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#5
 "Oh, no worries." He insisted, hoping he hadn't made her feel bad for the passing glance she'd taken at his work. "M'just shy about it. But thank you, I appreciate that." Perhaps his drawings weren't good enough to garner any sort of professional accreditation, but the support of a passing stranger was worth something.

 She could be a more honest and objective opinion than friends or family. Strangers weren't obligated to spare feelings. "Were you looking to get a tattoo?" Wondering if she was meandering around or if she'd come to the shop's doorstep with a purpose.
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#6
 Just shy about it! That was kind of endearing. How many men would admit to being shy about something. She smiled, nodded, shrugged her shoulders, all in response to his thanks.

 "I was thinking about it," she confessed, looking away to glance at the big window into the tattoo shop. "I probably shouldn't. But sometimes you just get that itch, you know?" Judging by the ink on his arms, she figured he understood. "Are you here to uh, apply?"
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#7
 He flashed her a conspiratorial smile, though the evidence was outwardly worn. "Yeah, I'm familiar with the feeling." Taking another look at the door, he tried not to catch anyone's gaze inside the shop. Art was nothing more than forced vulnerability for the sake of ego, and he shifted, his beast unwittingly accosted with the sensation of being exposed.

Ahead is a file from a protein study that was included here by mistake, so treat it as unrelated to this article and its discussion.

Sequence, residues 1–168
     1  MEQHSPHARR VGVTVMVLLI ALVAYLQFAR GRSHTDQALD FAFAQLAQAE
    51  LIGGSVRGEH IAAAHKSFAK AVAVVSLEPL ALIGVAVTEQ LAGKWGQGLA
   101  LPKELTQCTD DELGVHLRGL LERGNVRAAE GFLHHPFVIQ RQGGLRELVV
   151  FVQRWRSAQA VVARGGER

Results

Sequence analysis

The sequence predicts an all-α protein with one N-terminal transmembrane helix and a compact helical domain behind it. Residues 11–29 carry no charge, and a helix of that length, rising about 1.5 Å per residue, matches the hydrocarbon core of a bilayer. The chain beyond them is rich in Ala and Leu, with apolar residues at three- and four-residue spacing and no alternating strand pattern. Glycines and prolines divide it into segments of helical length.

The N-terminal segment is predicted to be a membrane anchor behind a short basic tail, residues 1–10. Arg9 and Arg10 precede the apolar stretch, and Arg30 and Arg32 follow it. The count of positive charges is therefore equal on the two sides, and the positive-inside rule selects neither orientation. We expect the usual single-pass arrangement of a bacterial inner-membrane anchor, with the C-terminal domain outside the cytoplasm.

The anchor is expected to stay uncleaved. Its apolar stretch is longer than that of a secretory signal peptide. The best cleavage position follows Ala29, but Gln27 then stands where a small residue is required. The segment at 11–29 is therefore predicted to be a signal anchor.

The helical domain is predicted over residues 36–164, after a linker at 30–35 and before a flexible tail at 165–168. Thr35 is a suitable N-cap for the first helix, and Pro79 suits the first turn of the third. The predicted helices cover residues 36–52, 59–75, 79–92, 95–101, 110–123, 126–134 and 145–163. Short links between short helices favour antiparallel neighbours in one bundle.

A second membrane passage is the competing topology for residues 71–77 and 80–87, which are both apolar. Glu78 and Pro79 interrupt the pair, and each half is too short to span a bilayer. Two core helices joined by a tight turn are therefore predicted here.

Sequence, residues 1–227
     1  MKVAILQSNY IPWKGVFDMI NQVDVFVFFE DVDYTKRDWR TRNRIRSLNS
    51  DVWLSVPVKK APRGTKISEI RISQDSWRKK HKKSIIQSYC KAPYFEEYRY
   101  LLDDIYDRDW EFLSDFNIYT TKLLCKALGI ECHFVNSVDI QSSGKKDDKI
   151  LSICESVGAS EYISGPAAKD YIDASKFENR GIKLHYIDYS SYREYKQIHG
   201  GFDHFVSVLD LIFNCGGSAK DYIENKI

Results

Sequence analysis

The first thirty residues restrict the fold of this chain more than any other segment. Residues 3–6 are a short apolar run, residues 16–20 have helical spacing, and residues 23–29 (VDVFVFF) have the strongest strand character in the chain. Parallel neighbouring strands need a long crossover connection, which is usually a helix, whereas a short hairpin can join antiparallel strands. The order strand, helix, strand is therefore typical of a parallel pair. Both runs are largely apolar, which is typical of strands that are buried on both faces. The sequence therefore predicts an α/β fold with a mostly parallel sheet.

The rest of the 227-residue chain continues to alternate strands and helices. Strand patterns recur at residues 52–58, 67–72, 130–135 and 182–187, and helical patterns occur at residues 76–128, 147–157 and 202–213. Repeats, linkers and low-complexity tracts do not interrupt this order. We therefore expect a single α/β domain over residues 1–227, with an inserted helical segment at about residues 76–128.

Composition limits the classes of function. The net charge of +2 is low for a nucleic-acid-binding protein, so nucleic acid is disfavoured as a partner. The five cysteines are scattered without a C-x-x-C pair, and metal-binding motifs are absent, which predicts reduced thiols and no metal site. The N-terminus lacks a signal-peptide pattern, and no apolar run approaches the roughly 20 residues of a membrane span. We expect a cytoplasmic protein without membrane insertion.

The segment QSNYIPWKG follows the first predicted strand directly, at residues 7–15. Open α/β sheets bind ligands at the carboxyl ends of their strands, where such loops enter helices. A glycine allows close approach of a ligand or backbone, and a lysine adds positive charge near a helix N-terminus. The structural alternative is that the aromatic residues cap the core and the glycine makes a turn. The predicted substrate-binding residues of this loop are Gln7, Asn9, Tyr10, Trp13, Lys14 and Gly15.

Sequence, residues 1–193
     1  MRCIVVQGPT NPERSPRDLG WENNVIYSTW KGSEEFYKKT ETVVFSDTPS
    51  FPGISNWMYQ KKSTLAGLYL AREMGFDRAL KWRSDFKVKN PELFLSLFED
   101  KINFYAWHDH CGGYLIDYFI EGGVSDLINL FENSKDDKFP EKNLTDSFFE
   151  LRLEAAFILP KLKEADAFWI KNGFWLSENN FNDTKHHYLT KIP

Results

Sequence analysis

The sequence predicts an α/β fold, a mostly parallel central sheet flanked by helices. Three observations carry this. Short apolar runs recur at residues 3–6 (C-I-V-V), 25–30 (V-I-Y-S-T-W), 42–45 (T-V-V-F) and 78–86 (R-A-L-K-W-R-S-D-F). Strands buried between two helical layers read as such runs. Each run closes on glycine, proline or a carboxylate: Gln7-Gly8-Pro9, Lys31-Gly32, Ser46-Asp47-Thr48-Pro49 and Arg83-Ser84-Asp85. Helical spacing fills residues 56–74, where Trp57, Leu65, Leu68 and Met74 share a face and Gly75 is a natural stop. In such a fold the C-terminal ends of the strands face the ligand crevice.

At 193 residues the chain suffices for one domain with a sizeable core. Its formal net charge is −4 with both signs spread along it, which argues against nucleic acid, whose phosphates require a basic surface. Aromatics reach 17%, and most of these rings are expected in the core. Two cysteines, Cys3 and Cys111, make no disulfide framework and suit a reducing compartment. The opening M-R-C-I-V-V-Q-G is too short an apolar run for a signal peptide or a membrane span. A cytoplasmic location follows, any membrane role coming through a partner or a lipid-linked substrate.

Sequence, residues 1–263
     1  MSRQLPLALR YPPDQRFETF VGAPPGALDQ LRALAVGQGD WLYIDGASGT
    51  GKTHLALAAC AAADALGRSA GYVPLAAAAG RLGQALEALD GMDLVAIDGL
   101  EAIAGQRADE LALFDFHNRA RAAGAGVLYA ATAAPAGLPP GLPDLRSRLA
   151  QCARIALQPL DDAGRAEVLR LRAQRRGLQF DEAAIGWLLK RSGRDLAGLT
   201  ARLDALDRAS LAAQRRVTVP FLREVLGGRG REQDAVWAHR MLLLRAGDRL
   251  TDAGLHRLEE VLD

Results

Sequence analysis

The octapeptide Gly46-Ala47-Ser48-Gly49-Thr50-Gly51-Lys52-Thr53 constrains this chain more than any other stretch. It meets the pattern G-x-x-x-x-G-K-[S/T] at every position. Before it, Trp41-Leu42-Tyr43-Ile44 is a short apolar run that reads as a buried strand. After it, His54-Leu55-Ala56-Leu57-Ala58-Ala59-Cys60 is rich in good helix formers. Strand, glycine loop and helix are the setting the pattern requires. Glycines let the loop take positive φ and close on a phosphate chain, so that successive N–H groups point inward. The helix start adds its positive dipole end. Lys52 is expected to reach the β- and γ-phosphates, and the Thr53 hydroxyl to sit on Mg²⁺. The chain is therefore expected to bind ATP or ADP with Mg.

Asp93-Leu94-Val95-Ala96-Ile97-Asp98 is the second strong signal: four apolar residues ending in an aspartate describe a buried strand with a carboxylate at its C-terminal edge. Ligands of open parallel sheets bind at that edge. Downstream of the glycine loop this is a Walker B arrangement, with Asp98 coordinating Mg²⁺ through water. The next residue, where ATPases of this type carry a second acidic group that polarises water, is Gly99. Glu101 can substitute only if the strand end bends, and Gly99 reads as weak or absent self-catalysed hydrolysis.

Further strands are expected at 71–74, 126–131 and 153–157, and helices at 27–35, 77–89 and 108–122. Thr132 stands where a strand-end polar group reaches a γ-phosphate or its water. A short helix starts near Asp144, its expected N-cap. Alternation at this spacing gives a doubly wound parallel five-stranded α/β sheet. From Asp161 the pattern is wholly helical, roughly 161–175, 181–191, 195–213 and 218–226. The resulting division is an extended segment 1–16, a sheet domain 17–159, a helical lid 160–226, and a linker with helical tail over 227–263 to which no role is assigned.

"Maybe eventually, but not quite yet. Feel like I have more dues to pay." To whom, or what, he wasn't sure. Canting his head, he looked at the empty space of her arms, her canvas. "What are you trying to get?"
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#8
 Yep, she figured he was. She smiled a little, following his gaze towards the shop window. When he spoke next, he seemed to... not think himself worthy of this job, or something? She wondered what he meant, but before she could even consider how rude it would be to pry, he had a question of his own for her. Her eyes blinked down to her arm, then bounced back up to the man.

 "Uh. A seashell, I think." Her opposite hand lifted to wipe a thumb against the blank space just above her elbow. "I dunno. The more I think about it the more I think I should wait." Some hesitation between the both of them! "I actually don't remember getting any of these, so. I don't know if I should make it a theme or like, cover them up." Not that they were bad quality tattoos, they just didn't really mean much to her. Maybe they never had!
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#9
 "You don't remember getting any of them?" Hendrix couldn't keep the incredulity out of his voice. It wasn't a judgement, he had a few bender tattoos of his own, but such a lapse seemed problematic. Still, be it an alcohol issue or some passing form of narcolepsy, prying would be an overstep.